There are three common mistakes that we see landlords make that end up costing them a lot of money over the term of them owning a rental property. I want to share those three mistakes with you so perhaps you can avoid those mistakes for your rental properties.
The first common mistake is some landlords fail to be concerned about the condition of their property. They don't make sure that they have a regular schedule for painting, for replacing the flooring, making sure that the outside of the property is kept up nice and neat. By failing to do that then pretty soon over the course of a couple of years and a couple of tenants things are going to deteriorate to the point where you can't really get market-rate rents for your property. And it will take you longer to find a tenant who's willing to move into your property because you haven't taken care of that regular maintenance and upkeep. So pay special attention to the condition of your property. Make sure you keep that condition up very well and the return on your investment in that will be favorable.
The second thing we see is that we see owners forget that they need to raise the rent every year. If a tenant decides they're going to stay past that initial 12-month term you need to make sure you’re raising the rent some for the next 12 months. Even if it's only $25 a month - You've got to have some small increase in the rent so the tenants get used to paying a little bit more every year and that helps you as the owner of the property cover the additional cost for your insurance policies, for your taxes, and other things. We often see that an owner comes to us and they’ve had a tenant in place for 3, 4, 5 years and they just said, oh yeah we never raised the rent because we like these tenants and they paid on time. Well after three or four years we do an analysis and we find that they're grossly under collecting in terms of rent. So they might be a $150, $200, $250 a month lower than what the market is at for that particular property. As an owner then you're leaving thousands of dollars a year on the table if you fall into that situation.Make sure that you have a process whereby you are increasing the rent every single year on a tenant who stays in your property.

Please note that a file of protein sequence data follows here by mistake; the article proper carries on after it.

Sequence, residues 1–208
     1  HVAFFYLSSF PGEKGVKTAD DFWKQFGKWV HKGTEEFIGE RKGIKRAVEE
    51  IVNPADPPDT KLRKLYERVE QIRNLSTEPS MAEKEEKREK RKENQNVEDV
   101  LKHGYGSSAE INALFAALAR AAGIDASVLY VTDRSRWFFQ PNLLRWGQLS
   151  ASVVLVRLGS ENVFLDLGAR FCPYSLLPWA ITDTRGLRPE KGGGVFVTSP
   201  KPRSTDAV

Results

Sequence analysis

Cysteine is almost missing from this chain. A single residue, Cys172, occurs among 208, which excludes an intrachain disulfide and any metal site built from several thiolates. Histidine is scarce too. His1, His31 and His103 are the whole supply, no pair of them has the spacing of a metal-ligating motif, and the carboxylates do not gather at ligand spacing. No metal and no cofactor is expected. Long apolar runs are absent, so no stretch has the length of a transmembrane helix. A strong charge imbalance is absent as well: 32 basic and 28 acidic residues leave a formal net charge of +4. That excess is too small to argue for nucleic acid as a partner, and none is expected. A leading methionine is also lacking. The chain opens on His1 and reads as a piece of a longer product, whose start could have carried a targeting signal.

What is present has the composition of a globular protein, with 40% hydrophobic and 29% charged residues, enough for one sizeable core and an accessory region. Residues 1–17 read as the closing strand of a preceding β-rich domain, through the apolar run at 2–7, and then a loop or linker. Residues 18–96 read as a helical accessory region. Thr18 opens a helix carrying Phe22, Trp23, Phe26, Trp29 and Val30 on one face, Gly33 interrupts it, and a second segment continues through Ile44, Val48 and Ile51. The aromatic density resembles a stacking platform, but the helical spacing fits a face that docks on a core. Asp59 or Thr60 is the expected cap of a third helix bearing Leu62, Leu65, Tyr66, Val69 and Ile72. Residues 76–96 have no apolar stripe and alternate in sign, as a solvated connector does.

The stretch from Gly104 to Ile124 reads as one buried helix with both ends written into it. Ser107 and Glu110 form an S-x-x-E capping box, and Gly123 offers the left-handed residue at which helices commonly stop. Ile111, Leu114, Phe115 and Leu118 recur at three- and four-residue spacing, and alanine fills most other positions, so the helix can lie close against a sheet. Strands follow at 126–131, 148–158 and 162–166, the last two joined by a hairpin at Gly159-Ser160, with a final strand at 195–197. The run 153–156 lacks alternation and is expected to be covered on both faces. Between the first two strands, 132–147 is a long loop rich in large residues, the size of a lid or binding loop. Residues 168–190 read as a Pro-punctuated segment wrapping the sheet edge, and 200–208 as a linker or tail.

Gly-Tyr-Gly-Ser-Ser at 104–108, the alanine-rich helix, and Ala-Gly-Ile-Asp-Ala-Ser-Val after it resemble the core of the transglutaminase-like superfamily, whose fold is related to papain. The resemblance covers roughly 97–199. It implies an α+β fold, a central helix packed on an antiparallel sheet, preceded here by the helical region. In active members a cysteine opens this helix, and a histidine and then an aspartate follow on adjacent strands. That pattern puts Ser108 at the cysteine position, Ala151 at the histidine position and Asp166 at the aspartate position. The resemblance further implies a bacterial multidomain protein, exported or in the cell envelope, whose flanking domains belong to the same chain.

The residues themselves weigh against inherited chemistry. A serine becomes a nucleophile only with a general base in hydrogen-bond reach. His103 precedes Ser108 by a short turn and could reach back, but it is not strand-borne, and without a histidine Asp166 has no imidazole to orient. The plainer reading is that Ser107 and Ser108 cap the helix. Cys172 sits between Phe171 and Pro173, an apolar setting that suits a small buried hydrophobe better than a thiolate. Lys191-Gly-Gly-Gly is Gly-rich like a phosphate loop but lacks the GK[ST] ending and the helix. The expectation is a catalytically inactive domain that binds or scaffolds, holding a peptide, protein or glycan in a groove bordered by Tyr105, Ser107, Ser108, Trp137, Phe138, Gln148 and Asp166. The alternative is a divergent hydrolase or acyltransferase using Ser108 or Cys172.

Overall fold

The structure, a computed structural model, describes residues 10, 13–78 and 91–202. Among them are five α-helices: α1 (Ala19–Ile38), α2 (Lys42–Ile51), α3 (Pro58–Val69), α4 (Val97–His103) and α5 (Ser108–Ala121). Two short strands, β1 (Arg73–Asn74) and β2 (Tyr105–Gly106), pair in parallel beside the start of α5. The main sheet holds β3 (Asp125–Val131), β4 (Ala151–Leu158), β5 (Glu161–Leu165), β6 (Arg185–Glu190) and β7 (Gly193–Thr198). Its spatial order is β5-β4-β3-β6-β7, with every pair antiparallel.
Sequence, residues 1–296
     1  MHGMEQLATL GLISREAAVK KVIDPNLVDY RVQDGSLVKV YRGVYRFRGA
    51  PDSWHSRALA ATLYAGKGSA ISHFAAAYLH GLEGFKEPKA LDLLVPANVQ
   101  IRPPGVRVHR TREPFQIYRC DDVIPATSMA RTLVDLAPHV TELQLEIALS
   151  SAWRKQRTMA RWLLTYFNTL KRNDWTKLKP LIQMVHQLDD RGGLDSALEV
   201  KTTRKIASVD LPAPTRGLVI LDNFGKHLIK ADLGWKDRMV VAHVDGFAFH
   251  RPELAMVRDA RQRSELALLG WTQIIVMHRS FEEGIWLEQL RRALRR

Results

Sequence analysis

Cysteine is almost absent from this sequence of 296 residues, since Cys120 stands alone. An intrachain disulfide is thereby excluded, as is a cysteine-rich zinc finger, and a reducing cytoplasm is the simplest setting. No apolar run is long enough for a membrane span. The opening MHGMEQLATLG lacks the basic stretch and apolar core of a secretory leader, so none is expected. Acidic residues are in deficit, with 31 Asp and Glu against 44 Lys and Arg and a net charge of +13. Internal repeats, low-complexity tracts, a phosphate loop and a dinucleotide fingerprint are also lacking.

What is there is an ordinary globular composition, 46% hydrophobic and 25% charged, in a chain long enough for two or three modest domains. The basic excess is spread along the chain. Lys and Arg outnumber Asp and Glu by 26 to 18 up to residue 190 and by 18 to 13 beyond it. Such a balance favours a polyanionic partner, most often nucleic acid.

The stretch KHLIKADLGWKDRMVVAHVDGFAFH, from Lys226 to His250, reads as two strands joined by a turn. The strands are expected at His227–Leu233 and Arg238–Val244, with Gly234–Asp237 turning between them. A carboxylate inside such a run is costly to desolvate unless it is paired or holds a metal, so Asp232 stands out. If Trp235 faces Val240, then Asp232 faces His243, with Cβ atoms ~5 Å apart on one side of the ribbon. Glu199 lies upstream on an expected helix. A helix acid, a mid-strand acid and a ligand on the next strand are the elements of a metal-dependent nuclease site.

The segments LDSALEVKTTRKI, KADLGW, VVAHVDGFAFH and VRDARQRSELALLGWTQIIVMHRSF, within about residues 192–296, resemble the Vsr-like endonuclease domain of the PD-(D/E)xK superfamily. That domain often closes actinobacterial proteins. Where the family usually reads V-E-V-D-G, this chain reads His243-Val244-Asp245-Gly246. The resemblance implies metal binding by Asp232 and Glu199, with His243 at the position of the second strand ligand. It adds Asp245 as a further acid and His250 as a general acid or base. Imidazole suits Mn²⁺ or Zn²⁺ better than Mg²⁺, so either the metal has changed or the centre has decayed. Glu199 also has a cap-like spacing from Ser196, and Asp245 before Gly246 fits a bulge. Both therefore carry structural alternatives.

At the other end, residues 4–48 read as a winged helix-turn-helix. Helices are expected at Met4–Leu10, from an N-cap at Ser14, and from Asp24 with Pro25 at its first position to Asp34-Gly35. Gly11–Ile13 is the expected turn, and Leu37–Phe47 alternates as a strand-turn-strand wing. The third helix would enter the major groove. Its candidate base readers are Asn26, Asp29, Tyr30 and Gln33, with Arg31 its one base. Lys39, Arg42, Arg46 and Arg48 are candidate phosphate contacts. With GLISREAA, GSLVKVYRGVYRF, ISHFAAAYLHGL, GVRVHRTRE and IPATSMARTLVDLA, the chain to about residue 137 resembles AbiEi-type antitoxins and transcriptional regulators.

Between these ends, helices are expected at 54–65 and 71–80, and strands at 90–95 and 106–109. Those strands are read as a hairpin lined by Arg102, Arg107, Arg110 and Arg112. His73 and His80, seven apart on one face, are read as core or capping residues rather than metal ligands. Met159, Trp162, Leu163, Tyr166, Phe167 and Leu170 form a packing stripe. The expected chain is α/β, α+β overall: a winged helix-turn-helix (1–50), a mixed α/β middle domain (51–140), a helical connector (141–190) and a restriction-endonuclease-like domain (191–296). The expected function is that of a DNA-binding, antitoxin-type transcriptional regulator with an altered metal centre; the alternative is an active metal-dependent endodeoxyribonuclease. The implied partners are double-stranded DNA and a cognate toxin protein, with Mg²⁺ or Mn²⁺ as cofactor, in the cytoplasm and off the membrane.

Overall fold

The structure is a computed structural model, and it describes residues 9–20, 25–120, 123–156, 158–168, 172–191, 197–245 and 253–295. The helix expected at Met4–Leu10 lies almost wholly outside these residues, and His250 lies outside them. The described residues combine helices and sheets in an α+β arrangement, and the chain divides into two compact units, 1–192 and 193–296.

The last area that we see owners sometimes leave money on the table is when it comes to pets now over 50% of all tenants have some kind of a pet. The reality is if you say no pets in my rental property you are eliminating over 50% of the potential tenant pool. That means you're going to have longer vacancies and you're going to be harder for you to rent that property. When you do allow pets the understanding has to be that pets will cause some damage to your house. So to account for that we always recommend that there is a monthly charge that tenants are paying to make sure that you have sufficient funds to take care of any problems after they move out.
Now yes you can go into the security deposit and tap into that if you need to fix pet damage, but charge something every month for a pet or for pets so that you have that money coming in on a monthly basis during that tenancy. The reason why we like to charge a monthly fee for pets is because if you charge upfront fee for pets and then that tenant stays for three years, we've only collected one fee one time. But if you're charging a monthly fee for those pets and they stay for two or three or four years, you're collecting that fee every month and you end up having some more money in your pocket as the property owner. Therefore you have more funds to take care of any additional damage that that pet might do over the length of that stay.
So watch out for the property condition - Make sure you keep up your property well. Watch out for rent rates - Make sure that you are looking every year at raising at least (even a small raise) to your monthly rent. And then make sure you're charging some kind of a monthly fee for pets when they are in your rental properties. I hope that information is helpful to you. If we can answer any questions please feel free to reach out to us here at New Heights Property Management.